What the new VC show-and-tell means for signaling risk

A month ago, we asked several venture capitalists if they planned to change the way they invest or lead rounds during COVID-19 — most said no, but they noted that valuations were coming down and founders in their portfolio companies were responding to the crisis.

Northzone’s Paul Murphy predicted fewer FOMO rounds because investors will “take more time to get to know and diligence the business… and it might also take a bit more time to close deals,” adding that he would “continue to lead rounds and back great founders.” But, as other investors call their bluffs, firms are looking for tangible ways to show they are open for business.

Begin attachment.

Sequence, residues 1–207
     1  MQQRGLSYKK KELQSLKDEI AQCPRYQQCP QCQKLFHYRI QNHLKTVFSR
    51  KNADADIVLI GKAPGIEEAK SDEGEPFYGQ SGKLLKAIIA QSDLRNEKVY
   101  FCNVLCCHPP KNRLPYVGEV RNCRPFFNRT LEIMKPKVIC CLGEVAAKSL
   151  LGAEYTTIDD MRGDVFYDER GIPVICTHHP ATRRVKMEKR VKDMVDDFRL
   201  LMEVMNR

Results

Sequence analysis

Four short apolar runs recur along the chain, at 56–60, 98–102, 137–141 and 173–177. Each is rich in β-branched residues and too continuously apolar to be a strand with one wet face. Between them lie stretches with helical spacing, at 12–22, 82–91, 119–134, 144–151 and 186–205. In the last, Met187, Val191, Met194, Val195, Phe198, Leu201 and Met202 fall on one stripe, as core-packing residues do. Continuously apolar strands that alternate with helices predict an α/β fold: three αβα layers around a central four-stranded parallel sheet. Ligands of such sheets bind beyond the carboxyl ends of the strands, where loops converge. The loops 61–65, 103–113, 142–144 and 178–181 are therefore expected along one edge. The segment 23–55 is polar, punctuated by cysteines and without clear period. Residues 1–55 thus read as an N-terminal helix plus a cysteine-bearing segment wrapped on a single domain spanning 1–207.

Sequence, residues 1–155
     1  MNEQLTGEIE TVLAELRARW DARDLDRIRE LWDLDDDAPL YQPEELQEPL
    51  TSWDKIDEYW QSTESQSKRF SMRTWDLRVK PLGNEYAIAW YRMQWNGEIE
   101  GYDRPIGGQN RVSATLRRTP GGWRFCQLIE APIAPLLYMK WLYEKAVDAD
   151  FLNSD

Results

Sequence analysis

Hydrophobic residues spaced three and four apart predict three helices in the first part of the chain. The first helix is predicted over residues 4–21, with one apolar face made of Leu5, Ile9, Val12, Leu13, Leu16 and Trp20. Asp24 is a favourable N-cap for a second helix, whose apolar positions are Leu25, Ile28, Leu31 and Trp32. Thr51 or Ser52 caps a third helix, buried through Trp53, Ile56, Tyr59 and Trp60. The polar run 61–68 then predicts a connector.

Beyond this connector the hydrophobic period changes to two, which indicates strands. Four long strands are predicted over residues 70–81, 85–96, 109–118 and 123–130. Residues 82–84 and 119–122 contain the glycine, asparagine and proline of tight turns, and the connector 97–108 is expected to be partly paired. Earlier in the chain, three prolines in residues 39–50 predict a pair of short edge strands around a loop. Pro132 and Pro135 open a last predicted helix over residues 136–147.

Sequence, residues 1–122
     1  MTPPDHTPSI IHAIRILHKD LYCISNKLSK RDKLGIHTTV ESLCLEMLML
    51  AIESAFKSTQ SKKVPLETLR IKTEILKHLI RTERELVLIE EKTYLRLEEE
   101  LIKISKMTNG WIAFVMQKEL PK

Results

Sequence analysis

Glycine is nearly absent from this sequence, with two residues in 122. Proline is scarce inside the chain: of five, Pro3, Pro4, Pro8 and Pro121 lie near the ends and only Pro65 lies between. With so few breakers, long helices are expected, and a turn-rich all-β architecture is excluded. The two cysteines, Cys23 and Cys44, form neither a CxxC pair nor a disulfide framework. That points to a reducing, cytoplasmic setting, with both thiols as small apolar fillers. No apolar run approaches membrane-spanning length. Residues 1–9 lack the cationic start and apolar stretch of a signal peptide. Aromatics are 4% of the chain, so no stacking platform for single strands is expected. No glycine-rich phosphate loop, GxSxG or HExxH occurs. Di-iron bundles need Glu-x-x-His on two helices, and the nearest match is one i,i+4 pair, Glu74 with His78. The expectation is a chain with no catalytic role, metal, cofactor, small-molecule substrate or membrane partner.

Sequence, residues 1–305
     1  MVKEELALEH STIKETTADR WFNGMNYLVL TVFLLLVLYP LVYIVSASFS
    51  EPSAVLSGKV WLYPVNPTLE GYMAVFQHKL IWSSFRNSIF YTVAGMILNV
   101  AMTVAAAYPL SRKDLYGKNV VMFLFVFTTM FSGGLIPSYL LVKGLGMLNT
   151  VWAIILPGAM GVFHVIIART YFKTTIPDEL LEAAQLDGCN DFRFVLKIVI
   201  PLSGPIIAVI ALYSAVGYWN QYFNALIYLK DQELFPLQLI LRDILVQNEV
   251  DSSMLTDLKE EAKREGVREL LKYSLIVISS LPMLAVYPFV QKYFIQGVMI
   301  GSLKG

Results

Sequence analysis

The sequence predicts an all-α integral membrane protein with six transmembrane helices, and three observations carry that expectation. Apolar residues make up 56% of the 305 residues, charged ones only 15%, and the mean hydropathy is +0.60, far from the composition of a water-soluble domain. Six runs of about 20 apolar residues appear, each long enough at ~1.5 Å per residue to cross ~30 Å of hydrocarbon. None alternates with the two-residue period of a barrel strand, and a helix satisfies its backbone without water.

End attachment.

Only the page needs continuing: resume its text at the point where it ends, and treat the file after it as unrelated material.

First Round Capital 

At least that was the case with First Round Capital. On Thursday, the seed-stage firm announced that when it leads a first round in a company, it will always take pro rata in the next outside-led venture round with a commitment of up to $3 million.

Pro rata is a clause in an investment agreement that gives the investor a right to participate in future financings. If investors don’t invest in a company’s pro rata, that might negatively signal they don’t believe in the company’s future. I asked Brett Berson, a partner at First Round, to offer more context about the announcement.

“The question ‘is your investor taking their pro rata’ is not necessarily a checkbox answer,” Berson said. “And I think in a time of maximum uncertainty, what a given investor was doing 12 months ago might not be what he or she is doing today.”